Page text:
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The Bluebell (Hyacinthoides non-scripta) is a familiar sight in our woodlands and grassy banks during the spring. They grow from bulbs, with the leaves emerging shortly before the violet-blue scented flowers. They are an important plant and an indicator of ancient woodlands.

They are also known as auld mans bells, ring-o-bells and wood bells.

Medicinal uses of the bulb include diuretic and styptic properties, this is because the bulbs contain toxic substances, they were a popular source of glue for bookbinding.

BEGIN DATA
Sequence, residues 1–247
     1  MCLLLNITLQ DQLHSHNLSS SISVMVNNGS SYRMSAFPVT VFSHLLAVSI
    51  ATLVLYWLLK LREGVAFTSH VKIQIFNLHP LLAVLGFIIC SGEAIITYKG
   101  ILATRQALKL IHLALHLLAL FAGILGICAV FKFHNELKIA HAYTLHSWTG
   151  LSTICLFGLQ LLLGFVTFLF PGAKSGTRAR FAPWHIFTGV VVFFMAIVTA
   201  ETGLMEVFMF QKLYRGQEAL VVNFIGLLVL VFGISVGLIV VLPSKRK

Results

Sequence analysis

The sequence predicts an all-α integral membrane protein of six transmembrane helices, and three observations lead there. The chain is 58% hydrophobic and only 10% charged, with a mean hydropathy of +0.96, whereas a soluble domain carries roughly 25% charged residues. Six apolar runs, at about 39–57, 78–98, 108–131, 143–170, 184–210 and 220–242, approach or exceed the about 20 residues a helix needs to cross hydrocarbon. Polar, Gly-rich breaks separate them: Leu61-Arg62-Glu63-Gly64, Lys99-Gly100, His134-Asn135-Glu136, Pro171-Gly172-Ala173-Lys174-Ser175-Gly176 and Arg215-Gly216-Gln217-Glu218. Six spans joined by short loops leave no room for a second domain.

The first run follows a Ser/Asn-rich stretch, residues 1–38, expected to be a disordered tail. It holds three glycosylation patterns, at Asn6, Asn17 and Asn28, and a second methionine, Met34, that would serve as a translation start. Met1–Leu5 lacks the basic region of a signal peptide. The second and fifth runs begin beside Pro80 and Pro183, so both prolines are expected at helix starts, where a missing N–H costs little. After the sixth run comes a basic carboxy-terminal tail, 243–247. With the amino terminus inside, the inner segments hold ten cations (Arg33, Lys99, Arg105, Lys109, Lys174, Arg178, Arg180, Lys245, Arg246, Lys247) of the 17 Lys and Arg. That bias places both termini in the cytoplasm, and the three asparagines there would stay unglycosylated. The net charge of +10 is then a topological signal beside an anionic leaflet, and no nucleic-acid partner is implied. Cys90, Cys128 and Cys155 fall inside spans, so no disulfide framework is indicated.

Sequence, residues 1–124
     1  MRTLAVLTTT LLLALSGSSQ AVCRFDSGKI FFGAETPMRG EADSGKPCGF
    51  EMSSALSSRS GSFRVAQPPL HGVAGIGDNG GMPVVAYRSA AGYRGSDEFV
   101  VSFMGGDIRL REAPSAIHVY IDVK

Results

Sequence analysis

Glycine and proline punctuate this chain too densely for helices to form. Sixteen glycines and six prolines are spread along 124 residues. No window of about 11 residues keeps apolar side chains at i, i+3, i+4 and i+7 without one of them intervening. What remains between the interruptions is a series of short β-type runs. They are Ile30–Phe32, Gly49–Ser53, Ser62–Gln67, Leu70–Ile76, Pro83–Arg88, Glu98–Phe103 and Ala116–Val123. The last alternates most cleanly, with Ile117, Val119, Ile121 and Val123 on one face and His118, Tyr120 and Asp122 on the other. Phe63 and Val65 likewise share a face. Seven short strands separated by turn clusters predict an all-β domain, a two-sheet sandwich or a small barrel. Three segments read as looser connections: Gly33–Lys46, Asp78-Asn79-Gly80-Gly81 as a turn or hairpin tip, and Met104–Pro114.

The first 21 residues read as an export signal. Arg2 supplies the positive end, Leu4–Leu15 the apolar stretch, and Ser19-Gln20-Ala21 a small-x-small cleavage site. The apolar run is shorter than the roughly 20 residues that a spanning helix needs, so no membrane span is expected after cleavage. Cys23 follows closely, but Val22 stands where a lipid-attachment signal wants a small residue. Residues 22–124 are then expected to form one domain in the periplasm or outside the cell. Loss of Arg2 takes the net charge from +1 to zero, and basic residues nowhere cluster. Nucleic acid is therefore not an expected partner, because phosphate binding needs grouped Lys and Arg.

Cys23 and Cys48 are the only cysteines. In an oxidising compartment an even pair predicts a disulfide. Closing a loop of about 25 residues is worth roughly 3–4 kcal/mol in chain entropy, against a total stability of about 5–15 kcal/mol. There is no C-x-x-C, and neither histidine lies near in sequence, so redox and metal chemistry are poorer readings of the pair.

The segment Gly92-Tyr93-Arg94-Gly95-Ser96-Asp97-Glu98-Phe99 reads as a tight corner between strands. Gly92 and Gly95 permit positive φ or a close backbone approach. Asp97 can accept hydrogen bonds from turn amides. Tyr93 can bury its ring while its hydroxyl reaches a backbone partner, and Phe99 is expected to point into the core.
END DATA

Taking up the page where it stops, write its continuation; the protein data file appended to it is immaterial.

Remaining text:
The Spanish Bluebell is a threat to our native bluebell and is frequently planted in gardens and the two species will hybridize with each other.

Credit: Information and photo kindly supplied by Peter Dowse of Bollington, Cheshire.

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